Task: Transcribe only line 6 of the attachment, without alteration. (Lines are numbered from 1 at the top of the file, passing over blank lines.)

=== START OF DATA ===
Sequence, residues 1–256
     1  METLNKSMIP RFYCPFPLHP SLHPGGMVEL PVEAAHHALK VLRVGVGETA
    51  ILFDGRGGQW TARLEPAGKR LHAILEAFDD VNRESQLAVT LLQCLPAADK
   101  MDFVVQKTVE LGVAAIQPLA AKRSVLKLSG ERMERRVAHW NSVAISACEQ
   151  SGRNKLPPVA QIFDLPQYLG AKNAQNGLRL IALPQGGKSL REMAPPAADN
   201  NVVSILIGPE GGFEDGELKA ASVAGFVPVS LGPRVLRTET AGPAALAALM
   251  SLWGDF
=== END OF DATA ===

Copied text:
   201  NVVSILIGPE GGFEDGELKA ASVAGFVPVS LGPRVLRTET AGPAALAALM